Tandreia Bellamy retired as the Vice President of Industrial Engineering for UPS Supply Chain Solutions which included the Global Logistics, Global Freight Forwarding and UPS Freight business units. She was responsible for operations strategy and planning, asset management, forecasting, and technology tool development to optimize sustainable efficiency while driving world class service.

Tandreia held similar positions at the business unit level for Global Logistics and Global Freight forwarding. As the leader of the Global Logistics engineering function, she directed all industrial engineering activies related to distribution, service parts logistics (post-sales support), and mail innovations (low cost, light weight shipping partnership with the USPS). Between these roles Tandreia helped to establish the Advanced Technology Group which was formed to research and develop cutting edge solutions focused on reducing reliance on manual labor.

Tandreia began her career in 1986 as a part-time hourly manual package handling employee. She spent the great majority of her career in the small package business unit which is responsible for the pick-up, sort, transport and delivery of packages domestically. She held various positions in Industrial Engineering, Marketing, Inside and On-road operations in Central Florida before transferring to Atlanta for a position in Corporate Product Development and Corporate Industrial Engineering. Tandreia later held IE leadership roles in Nebraska, Minnesota and Chicago. In her final role in small package she was an IE VP responsible for all aspects of IE, technology support and quality for the 25 states on the western half of the country.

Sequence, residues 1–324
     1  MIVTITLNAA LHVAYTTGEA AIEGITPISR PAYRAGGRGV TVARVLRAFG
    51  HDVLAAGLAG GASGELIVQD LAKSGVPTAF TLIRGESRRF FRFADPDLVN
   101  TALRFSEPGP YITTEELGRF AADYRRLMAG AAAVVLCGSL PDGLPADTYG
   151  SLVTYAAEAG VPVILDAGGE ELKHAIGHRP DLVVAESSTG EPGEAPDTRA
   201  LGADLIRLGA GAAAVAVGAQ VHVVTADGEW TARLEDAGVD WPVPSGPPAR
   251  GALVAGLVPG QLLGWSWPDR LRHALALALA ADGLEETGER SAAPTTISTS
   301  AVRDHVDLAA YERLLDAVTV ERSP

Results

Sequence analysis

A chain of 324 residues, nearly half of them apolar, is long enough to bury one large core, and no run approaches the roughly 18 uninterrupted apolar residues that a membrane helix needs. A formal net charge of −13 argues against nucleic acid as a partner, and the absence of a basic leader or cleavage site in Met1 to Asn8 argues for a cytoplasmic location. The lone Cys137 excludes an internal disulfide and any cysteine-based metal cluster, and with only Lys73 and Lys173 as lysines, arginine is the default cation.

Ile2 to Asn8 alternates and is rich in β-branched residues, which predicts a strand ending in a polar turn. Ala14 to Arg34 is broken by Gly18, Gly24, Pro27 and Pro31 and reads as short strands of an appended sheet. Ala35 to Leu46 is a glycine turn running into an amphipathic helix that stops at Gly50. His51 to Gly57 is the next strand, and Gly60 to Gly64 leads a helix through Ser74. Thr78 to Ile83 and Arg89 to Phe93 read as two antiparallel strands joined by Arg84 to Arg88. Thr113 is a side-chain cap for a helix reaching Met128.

Tandreia is currently a Director for the University of Central Florida (UCF) Foundation Board and also serves on their Dean’s Advisory Board for the College of Engineering and Computer Science. Previously Tandreia served on the Executive Advisory Board for Virginia Tech’s IE Department and the Association for Supply Chain Management. She served on the Board of Trustees for ChildServ (a Chicago child and family services non-profit) and also served on the Texas A&M and Tuskegee Engineering Advisory Boards. In 2006 she was named Business Advisor of the Year by INROADS, in 2009 she was recognized as a Technology All-Star at the Women of Color in STEM conference and in 2019 she honored as a UCF Distinguished Aluma by the Department of Industrial Engineering and Management Systems.

Tandreia holds a bachelor’s degree in Industrial Engineering from Stanford University and a master’s degree in Industrial Engineering and Management Systems from UCF. Her greatest accomplishment, however, is being the proud mother of two college students, Ruby (24) and Anthony (22).

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Marty Parker

Host

Marty Parker serves as both the CEO & Founder of Adæpt Advising and an award-winning Senior Lecturer (Teaching Professor) in Supply Chain and Operations Management at the University of Georgia. He has 30 years of experience as a COO, CMO, CSO (Chief Strategy Officer), VP of Operations, VP of Marketing and Process Engineer. He founded and leads UGA’s Supply Chain Advisory Board, serves as the Academic Director of UGA’s Leaders Academy, and serves on multiple company advisory boards including the Trucking Profitability Strategies Conference, Zion Solutions Group and Carlton Creative Company.